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Try an Italian Agriturismo for Lodging with a Personal TouchIt warms the heart to know that at the end of a long drive, a savory home- cooked dinner will soon be prepared just for you. No, we’re not talking about a visit to Grandma’s house, but rather a stay at one of Italy’s agriturismos.
When in Italy, there is no need to stay in a humdrum hotel when there are so many other options, from working farms, vineyards, artisan attics to even a castle or two. Click here to read more...
Cremona, Italy, Gave Birth to Stradivari and His ViolinThe sounds shimmering off the strings of the 280-year-old Stradivarius violin held each member of the audience in rapt attention.
I sat among them, clutching a 1.50-Euro ticket that had admitted me to the Saletta dei Violini in Cremona — the former home of Antonio Stradivari — for this rare listening experience.
There are three main reasons for visiting Cremona, Italy, a picturesque medieval town on the banks of the Po River about an hour from Milan. It is the birthplace of Antonio Stradivari and the violin, it has the tallest bell tower in Italy and it is believed to be where the white nougat candy with nuts called torrone originated. Click here to read more...
GPS: Sometimes, It Saves You; Sometimes, It Throws You for a Wrong TurnA global positioning system unit can give you confidence driving in an unfamiliar area one minute and a nervous breakdown the next.
I recently took several trips with two different GPS units, and while I enjoyed using them I have a word of advice: Don’t throw away your road map just yet.
GPS units for the car offer a slew of features that can reduce the stress of navigating new terrain. Click here to read more...
Italy’s Sesto Dolomites Put Hikers on a Jagged EdgeNow I know how Frodo felt hiking across the steep, barren landscape of Mordor wondering if he would survive.
For I was trekking through a similar scene: the craggy, jagged limestone rock faces of the Sesto Dolomites as they rose up to pierce the sky.
The mountains are a challenge to hikers — but one many accept. A series of trails dotted with rifugio (rustic guest houses that offer food and lodging) crisscross this incredible terrain in northern Italy. People, like ants marching in single file, spread across them in all directions, trekking along the trails that rise toward their destinations, then disappear. Click here to read more...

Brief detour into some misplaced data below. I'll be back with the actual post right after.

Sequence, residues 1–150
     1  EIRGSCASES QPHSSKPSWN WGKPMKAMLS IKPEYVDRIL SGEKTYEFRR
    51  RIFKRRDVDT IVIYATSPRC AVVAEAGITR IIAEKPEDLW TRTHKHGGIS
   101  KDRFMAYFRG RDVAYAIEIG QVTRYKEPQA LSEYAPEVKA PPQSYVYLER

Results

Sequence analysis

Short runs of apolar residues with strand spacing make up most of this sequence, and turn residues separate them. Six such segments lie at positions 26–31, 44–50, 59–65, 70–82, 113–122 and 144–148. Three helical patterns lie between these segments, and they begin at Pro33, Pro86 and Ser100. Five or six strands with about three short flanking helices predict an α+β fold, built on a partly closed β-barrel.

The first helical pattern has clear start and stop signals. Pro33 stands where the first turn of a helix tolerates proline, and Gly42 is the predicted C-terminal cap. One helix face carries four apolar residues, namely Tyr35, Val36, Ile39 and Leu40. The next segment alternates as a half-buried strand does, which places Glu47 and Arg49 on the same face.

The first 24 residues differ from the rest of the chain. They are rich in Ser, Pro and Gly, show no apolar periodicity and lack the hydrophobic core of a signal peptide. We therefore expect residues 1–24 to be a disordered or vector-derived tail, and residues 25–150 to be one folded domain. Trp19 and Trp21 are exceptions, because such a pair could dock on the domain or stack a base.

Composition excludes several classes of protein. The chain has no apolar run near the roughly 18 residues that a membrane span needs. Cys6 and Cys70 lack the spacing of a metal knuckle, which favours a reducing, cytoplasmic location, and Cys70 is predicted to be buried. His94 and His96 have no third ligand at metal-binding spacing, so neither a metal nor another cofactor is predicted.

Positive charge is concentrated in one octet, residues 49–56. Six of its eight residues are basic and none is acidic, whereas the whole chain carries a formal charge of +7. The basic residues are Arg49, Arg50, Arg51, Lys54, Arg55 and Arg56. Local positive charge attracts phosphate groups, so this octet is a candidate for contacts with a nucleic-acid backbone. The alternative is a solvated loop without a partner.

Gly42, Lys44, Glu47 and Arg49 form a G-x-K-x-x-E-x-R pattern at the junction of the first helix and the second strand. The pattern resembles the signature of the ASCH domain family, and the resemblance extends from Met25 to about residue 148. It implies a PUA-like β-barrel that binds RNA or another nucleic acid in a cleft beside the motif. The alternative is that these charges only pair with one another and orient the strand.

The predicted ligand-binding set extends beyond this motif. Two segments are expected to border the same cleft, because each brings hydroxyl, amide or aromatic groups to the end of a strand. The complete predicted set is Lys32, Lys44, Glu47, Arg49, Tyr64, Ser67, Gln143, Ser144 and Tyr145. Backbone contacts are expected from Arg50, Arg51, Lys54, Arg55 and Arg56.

Finding a Little Elbow Room in Florence
With the heat and hordes of tourists pounding the cobblestone streets of the Italian city in the summer and fall, it’s important to know how to avoid the crowds and stay cool when visiting this world-class city of art.
Most important sights are within walking distance of the train station. Although Florence’s old town center is pedestrian-friendly, strolling around it can be brutal, with slow-moving mobs and little shade from the Tuscan sun.
With a little planning, however, you can experience the best Florence has to offer and skip the worst of the heat and crowds. Click here to read more...
Bringing a Bit of Florence’s Artistic Flair HomeFlorence is credited with being the birthplace of the Renaissance and the center for art and culture in Italy. Some 500 years later, the city is still known for its artists, producing objects that are both fine art and souvenirs.
Many of these modern-day artists gather in the courtyard outside the Uffizi Gallery, offering on-the-spot portraits and cartoon sketches, along with Tuscan landscapes and other original works of art.
These artists have a lot in common with their predecessors because they, too, struggle to make a living in Florence as an artist. But are they, like those greats, also capable of producing art that can make your heart sing? Walk through the Uffizi courtyard, look at the art and decide for yourself.
When traveling, I enjoy seeing what kind of work artists on the street are doing. In Rome, the Piazza Navona has its collection of street artists, and Paris has artists offering to do portraits near the Eiffel Tower and other locations. Click here to read more...
With 4,631 miles of coastline, it’s no wonder that Italy boasts scenic stretches that attract visitors from around the world.
Western Italy’s Craggy Coastline Lures Travelers Off Beaten Path
The names Cinque Terre, Capri and Amalfi Coast conjure visions of la dolce vita at its very best. They are part of the siren’s song drawing travelers in search of the perfect seaside getaway.
However, if you’re looking for miles of white sandy beaches, you may be in for a letdown when you hit Italy’s western coast. Instead of sand for sand castles, you may find stones that are better suited for skipping across the water.
Or you may need to learn to follow the natives to find the best place to enjoy the sea. This is particularly true of the five fishing villages known as Cinque Terre that cling to the coastal cliffs northwest of La Spezia. Here the siren calls to visitors to leave their cares, and their cars, at the edge of town and explore the coast on foot.
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